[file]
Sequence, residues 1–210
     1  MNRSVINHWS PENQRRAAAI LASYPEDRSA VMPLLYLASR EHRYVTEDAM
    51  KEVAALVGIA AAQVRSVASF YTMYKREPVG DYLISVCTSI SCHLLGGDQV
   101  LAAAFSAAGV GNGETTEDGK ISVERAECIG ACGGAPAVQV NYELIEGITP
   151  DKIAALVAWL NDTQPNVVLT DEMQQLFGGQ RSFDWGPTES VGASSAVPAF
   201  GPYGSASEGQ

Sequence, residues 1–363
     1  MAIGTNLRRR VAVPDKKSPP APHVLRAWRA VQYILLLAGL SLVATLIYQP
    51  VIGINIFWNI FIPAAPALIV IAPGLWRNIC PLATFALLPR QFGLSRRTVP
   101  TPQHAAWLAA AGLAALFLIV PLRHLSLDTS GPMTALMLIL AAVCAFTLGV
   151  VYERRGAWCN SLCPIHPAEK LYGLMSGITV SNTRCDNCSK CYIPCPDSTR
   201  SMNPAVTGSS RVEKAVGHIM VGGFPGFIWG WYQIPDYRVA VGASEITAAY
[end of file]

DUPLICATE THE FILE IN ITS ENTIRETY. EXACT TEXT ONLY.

Sequence, residues 1–210
     1  MNRSVINHWS PENQRRAAAI LASYPEDRSA VMPLLYLASR EHRYVTEDAM
    51  KEVAALVGIA AAQVRSVASF YTMYKREPVG DYLISVCTSI SCHLLGGDQV
   101  LAAAFSAAGV GNGETTEDGK ISVERAECIG ACGGAPAVQV NYELIEGITP
   151  DKIAALVAWL NDTQPNVVLT DEMQQLFGGQ RSFDWGPTES VGASSAVPAF
   201  GPYGSASEGQ

Sequence, residues 1–363
     1  MAIGTNLRRR VAVPDKKSPP APHVLRAWRA VQYILLLAGL SLVATLIYQP
    51  VIGINIFWNI FIPAAPALIV IAPGLWRNIC PLATFALLPR QFGLSRRTVP
   101  TPQHAAWLAA AGLAALFLIV PLRHLSLDTS GPMTALMLIL AAVCAFTLGV
   151  VYERRGAWCN SLCPIHPAEK LYGLMSGITV SNTRCDNCSK CYIPCPDSTR
   201  SMNPAVTGSS RVEKAVGHIM VGGFPGFIWG WYQIPDYRVA VGASEITAAY